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Pick anywhere, and Google Earth will deliver it

Some have raised security concerns about the program, which displays worldwide images, but the most common reaction is awe.

By MATT NELSON
Published October 10, 2005


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[Photos: Google]
Google Earth is a free program that brings high-resolution satellite imagery to the mass market. Shown here is Tampa's Raymond James Stadium.

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The Eiffel Tower in Paris, France.

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Pyramids in Egypt.

In this virtual world, you ride shotgun on a satellite.

The continents are green as grass, the oceans evening blue, the poles stark white. Punch in an address and the thrill ride begins.

It's a struggle, even dizzying, trying to follow with eyes. Land masses pass. Was that Paris? A sea is crossed and then . . . a free fall. The picture blurs, then comes into focus, one, two, three seconds and, whoa, it's the street where you lived. You're still about 1,000 feet up, but it's definitely the same street.

Hey, that's the ball field where you played Little League. And that's your grade school where Ms. Lampley scolded you for running in the halls.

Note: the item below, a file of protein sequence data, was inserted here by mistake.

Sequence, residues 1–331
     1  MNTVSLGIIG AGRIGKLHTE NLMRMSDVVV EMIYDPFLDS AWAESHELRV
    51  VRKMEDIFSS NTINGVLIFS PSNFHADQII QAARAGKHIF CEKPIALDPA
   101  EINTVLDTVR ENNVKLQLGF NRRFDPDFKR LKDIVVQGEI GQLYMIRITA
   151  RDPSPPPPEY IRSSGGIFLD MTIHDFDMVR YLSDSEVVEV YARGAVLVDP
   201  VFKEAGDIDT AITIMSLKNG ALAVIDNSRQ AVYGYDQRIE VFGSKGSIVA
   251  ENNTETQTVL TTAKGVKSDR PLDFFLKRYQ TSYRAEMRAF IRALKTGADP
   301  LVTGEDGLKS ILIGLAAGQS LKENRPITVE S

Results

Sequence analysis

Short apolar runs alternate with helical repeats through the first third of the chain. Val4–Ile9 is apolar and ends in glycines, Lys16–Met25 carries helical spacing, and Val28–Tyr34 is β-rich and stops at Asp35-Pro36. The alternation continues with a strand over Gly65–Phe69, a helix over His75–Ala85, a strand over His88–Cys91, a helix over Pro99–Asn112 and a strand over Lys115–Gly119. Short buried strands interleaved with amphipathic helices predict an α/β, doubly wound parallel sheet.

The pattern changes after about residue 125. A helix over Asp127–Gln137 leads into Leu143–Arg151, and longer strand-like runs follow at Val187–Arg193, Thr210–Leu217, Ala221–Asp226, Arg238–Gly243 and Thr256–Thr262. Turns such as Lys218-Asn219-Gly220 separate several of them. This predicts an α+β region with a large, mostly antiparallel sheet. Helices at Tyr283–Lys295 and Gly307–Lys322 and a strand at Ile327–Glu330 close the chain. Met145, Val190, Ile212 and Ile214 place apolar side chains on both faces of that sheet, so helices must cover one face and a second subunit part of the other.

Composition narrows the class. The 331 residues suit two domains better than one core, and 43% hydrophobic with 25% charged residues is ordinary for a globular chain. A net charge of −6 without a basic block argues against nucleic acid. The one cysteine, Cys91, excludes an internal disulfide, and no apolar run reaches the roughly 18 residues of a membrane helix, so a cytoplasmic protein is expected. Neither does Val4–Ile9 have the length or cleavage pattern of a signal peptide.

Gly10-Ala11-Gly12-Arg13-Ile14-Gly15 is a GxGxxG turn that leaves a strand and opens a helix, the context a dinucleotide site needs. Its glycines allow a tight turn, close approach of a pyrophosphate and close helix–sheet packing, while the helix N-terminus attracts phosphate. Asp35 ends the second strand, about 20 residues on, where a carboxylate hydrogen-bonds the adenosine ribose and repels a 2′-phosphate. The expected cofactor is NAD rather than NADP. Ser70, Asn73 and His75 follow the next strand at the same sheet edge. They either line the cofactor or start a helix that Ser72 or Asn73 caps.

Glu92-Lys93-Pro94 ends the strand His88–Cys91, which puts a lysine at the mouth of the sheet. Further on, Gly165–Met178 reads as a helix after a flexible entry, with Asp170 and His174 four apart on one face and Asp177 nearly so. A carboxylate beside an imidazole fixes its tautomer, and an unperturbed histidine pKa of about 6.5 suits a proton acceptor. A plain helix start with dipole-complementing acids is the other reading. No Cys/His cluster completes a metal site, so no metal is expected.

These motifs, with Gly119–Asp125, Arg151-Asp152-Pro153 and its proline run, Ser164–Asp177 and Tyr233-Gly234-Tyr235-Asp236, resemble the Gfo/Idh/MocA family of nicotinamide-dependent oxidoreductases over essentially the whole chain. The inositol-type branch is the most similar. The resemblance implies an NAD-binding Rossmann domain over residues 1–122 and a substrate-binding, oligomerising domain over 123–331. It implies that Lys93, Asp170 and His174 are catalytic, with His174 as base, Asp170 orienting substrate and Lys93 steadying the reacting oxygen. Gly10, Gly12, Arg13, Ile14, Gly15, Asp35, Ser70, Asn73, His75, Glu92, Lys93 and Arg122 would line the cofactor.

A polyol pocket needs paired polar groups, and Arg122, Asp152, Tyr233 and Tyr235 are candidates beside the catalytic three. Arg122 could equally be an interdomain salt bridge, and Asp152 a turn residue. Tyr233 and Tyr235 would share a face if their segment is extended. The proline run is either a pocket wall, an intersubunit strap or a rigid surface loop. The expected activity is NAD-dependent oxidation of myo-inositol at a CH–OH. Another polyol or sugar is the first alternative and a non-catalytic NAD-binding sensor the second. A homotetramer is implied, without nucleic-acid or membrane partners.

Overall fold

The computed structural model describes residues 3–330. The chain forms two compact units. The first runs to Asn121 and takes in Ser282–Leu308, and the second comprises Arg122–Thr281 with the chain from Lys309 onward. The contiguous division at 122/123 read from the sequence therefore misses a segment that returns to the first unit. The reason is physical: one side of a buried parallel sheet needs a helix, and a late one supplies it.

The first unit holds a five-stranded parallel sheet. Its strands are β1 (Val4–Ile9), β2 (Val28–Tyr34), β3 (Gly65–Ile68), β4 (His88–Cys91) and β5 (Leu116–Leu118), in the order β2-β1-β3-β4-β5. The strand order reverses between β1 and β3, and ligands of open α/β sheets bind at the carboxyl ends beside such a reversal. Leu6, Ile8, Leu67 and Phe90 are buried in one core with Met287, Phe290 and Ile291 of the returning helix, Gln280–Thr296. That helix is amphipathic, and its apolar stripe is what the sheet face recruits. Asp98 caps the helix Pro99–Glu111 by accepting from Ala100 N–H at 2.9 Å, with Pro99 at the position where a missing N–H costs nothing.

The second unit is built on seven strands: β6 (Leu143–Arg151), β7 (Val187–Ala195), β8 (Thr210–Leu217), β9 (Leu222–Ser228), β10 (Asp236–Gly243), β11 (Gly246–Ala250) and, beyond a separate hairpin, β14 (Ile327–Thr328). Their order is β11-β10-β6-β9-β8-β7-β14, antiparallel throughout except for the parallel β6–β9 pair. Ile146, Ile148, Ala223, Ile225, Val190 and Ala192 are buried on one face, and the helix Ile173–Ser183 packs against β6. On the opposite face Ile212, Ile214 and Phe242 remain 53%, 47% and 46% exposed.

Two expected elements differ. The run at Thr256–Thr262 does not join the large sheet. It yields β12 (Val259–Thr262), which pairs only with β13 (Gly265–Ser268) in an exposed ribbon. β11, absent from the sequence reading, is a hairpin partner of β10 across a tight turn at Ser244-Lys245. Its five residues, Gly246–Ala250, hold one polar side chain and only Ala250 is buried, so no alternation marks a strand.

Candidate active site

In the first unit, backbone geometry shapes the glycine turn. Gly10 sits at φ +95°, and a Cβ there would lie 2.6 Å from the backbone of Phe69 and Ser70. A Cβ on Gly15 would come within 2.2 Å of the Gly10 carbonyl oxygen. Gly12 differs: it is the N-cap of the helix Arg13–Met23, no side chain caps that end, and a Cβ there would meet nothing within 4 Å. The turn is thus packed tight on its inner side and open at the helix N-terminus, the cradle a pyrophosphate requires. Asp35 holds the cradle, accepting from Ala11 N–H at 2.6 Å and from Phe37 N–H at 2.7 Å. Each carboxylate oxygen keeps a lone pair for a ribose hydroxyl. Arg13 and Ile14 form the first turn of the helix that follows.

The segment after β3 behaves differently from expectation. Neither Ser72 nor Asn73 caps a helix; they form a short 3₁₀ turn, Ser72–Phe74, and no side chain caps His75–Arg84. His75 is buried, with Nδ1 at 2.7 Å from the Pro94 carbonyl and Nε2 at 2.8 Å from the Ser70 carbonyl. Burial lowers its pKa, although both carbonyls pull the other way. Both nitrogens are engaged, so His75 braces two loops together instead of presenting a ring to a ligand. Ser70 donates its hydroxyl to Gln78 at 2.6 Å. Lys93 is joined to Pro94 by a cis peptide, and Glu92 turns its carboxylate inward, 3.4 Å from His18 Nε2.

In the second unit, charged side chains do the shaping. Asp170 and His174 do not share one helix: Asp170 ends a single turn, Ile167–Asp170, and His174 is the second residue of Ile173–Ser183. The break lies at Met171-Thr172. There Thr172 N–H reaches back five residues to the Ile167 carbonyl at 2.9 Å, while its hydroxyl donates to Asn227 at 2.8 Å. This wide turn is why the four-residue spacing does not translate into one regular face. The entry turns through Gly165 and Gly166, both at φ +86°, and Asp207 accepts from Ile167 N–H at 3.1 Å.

This is Google Earth, a free program that with a mouse click transports users from space to their front lawn.

Two weeks after the Internet program's launch in July, local computer consultant Dave "Doc" Dockery said he had demonstrated Earth to more than 300 people.

"Audiences love to watch," he said. "All I can say is that it bowls them over."

Dockery, who is president of the Tampa Bay Computer Society, said he asks his audience of mostly seniors for addresses while displaying Earth on a giant projection screen. The scrolling landscape brings squeals of delight.

"Earth distinguishes itself by being able to superimpose satellite images (on top of landmarks), and by permitting you to fly over the landscape. The latter is really a gee-whiz feature that never fails to impress an audience," Dockery said, while adding a cautionary tale. "You have to be careful. . . . I had someone get motion sickness in one audience and I had to stop it."

According to Google.com, the world's most popular Internet search site, "Google Earth utilizes broadband streaming technology and 3-D graphics, muchlike a video game, enabling users to interactively explore the world - either their own neighborhood or the far corners of the globe." Last month, Google Earth provided images of Hurricane Katrina's aftermath, allowing displaced residents and family to see neighborhood flood damage. Quick links also take the traveler to the Grand Canyon, the Eiffel Tower and Red Square.

Google Earth is an offshoot of Google Maps, a free directions service. Users can input coordinates or search for specific places and addresses. "Earth" is available only for IBM-compatible computers. A GPS version, which shows your location in real time, costs $20 a month.